**Watch your form and make sure you do not cheat your range of motion. Always, stick with proper technique. Do not cheat your reps. You have no time for breaks. It takes just 11minutes.

What I Need:
– Clock
– Piece of paper and pen – write down your numbers. I suggest memorizing to be more time efficient. YOU DON’T HAVE TIME!

Standard:(Men: 45+ ; Women: 35+)
Elite:(Men: 55+ ; Women: 45+)

Standard: (Men: 15+; Women: 10+)
Elite:(Men: 20+ ; Women: 13+)

(Men: 50; Women: 50)
Elite:(Men: 55+ ; Women: 50+)

(Men: 30+; Women: 20+)
Elite:(Men: 40+ ; Women: 30+)

(Men: 20+; Women: 13+)
Elite:(Men: 23+ ; Women: 16+)

6) A2G
(Men: 30; Women: 26)
Elite:(Men: 32+ ; Women: 30+)

7) Half Burpees
(men: 22+; Women: 13)
Elite:(Men: 25+ ; Women: 18+)

8) Frog Jumps
(men: 30; Women: 30)
Elite:(Men: 30+ ; Women: 30+)

(Men: 16; Women: 11)
Elite:(Men: 16+ ; Women: 11+)

10) Triangles
(Men: 75+; Women: 65+)
Elite:(Men: 80+ ; Women: 70+)

11) Push Ups (diamond)
(Men: 25; Women: 15)
Elite: (Men: 25+ ; Women: 15+)


Time how long it takes to do all movements.
55 Bent knee crunches

55 Floor knee tucks

55 Bent Knee Crunches

55 Air squats

25 Chest 2 floor

125 Triangles

120 Mountain climbers

** If you feel faint, dizzy or nausea please stop right away and stop timer. Redo test again.
This is a harsh metabolic WOD. Do not do if you have heart conditions.


“VETS” (Veterans Day Memorial WOD)

This will be a yearly WOD now. There are two versions to this WOD. Let’s honor these brave men and women the right way. Thank you veterans for your service!



5 Push ups (scale 10 C2F)
15 Assassin Slams
5 Push ups (scale 10 C2F)
50 Triangles

Bent Knee Crunches
6″ Holds


11-11-20-14 (number changes yearly)

Timer starts after first round after every 2:30 (50m run – scale 60 toe taps)
50 Jump ropes
10 Military push ups (Scale 12 C2F)
50 Mountain Climbers (total)
10 Military push ups (Scale 12 C2F)
50 figure skates
10 Assisted Handstand push up (scale 20 push press)

Leg lifts – scale down alternating leg lift
HF – scale plank



239 Jumping jacks
239 Bent knee crunches
239 Mountain climbers
14 Standard pull ups (changes every year)

11 Thrusters / hang cleans
10 Goblet Squats or front squats
239 Push Ups (scale down C2F – 269)
11 Thrusters or hang cleans
10 Goblet squats or front squats
800m run or 6 wall climbs (scale down 239 Air Squats)
11 Thrusters or hang cleans
10 goblet squats or front squats
400m run or 4 wall climbs (scale down 239 Triangles)
11 Thrusters or Hang Cleans
10 Goblet squats or front squats
239 Leg Lift
11 Thrusters or HC
10 GSQ or FS
14 Standard pull ups (changes every year)

For the devil dogs. The few the proud. The elite. We stand beside you, never behind you. SEMPER FIDELIS. OORAH!


Captain De Giesen – HERO WOD

In Honor and Remembrance of Fallen Marine Captian Kyle Van De Giesen who served during Operation Enduring Freedom and to the family he leaves behind. Never Forget their Sacrifice for Our Freedom.
Kyle-military1 copy.jpg.opt360x269o0,0s360x269
Today after coming back from the 29th Marine Corps Marathon I think of the faces I saw in honor of fallen heroes. So I came home after 26.2 miles to honor someone great. This one is for you brother. NEVER FORGET THEIR SACRIFICE. ALL IT TAKES IS ALL YOU GOT.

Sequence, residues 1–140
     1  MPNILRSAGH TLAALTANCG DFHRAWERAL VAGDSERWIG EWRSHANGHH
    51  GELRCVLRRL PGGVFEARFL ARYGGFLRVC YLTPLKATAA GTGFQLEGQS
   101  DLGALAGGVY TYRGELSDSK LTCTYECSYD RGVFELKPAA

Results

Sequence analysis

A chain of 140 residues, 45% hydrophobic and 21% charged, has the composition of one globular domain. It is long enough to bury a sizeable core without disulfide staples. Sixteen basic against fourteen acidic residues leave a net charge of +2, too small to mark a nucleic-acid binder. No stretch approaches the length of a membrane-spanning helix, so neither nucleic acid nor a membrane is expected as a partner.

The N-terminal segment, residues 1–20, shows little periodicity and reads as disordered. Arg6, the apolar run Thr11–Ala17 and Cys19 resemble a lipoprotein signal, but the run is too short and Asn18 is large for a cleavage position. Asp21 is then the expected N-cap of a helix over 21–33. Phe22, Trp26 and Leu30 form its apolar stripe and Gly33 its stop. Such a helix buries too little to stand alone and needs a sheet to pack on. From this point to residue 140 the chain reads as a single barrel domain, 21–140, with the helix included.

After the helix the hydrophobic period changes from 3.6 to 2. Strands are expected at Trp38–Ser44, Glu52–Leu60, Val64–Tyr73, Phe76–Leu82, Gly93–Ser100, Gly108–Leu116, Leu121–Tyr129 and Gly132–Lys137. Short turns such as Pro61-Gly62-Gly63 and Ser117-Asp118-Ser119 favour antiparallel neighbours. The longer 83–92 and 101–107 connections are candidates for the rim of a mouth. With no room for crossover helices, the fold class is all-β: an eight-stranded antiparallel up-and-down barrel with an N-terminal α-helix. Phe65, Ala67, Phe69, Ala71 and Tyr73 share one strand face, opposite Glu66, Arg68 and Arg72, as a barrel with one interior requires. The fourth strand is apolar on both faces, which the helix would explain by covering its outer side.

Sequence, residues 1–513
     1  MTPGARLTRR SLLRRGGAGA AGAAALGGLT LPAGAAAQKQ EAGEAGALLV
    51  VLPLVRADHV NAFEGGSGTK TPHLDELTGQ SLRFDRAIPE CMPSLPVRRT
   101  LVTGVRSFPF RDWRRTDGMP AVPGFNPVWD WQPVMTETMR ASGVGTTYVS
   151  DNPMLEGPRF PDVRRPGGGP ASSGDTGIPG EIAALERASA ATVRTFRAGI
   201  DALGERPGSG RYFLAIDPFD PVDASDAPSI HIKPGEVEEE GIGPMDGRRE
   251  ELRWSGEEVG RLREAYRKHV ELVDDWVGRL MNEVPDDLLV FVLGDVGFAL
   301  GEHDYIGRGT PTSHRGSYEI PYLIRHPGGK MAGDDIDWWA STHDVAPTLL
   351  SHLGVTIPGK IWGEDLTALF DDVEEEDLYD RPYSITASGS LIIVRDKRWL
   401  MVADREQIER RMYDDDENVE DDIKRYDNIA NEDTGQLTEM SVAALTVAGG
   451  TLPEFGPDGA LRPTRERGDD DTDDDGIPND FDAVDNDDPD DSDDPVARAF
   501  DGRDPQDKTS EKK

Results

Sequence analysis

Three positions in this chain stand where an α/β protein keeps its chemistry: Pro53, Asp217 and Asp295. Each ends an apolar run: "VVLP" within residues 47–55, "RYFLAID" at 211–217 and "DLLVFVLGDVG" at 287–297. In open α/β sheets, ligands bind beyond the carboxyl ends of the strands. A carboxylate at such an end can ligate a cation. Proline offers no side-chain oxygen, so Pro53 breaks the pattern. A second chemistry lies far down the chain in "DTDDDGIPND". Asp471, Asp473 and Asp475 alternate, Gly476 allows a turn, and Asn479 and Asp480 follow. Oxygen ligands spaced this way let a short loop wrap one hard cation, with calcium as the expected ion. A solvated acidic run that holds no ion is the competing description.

For time=
hack time= 29:00

(29 burpee penalty if a second over hack time)

10 Pull ups (strict)
26 burpees
20 Push ups
09 Deadlift (205)

A Marine helicopter pilot from Massachusetts who died in Afghanistan is being honored at Saint Anselm College.

Capt. Kyle Van De Giesen of North Attleborough, Mass., is a former student and starting quarterback on the Catholic college’s football team.

He was remembered with a prayer and a moment of silence before the Oct. 31 home game against the University of New Haven.

The field was painted with a red, white and blue ribbon as well as Van De Giesen’s uniform number, 12. The Marine motto “Semper Fi” is also being added to the field.

The initials KV will be added to the team’s helmets.

The 29-year-old Van De Giesen was one of 14 Americans killed Monday in a pair of helicopter crashes. He leaves behind a pregnant wife and young daughter.

29, of North Attleborough Mass.; assigned to Marine Light Attack Helicopter Squadron 169, Marine Aircraft Group 39, 3rd Marine Aircraft Wing, I Marine Expeditionary Force, Camp Pendleton, Calif.; died Oct. 26 at FOB Dwyer, Afghanistan, after a collision between a UH-1 and an AH-1 helicopter in Helmand province. Also killed were Cpl. Gregory M.W. Fleury, Capt. Eric A. Jones and Capt. David S. Mitchell.

OLD IRONSIDES – 10/13/1775


4 rounds
15 Seasick (Goodmornings)
10ea. Pulling Up Anchor (B.O.R.)
13 All Hands on deck (Leg Lift) or Revere Crunch (2:1)
10 Cannonball curls (Cheat curls)
13 AHOY! (Triangles) (2:1) (hailing other vessels)

100 Stomach the Waves (Bent Knee Crunch)
24 Naval Stretch (Sumo Deadlift High-pulls)
14 Cannonballs needed (Thrusters)
3 Watch your Head! (burpees) / C2F (2:1)
50 Jacob’s ladder (Run in place including hands copying climbing up a ladder)
65.24m Brass Monkey walk (Half Curl walk)



On this day in 1775, the Continental Congress authorizes construction and administration of the first American naval force—the precursor to the United States Navy. The birth of the US NAVY.

13 Oct, 1775. The United States Navy is born. Following the beginning of the Revolutionary War on April 1775.

“Resolved, That a swift sailing vessel, to carry ten carriage guns, and a proportionable number of swivels, with eighty men, be fitted, with all possible despatch, for a cruise of three months, and that the commander be instructed to crui[s]e eastward, for intercepting such transports as may be laden with warlike stores and other supplies for our enemies, and for such other purposes as the Congress shall direct.”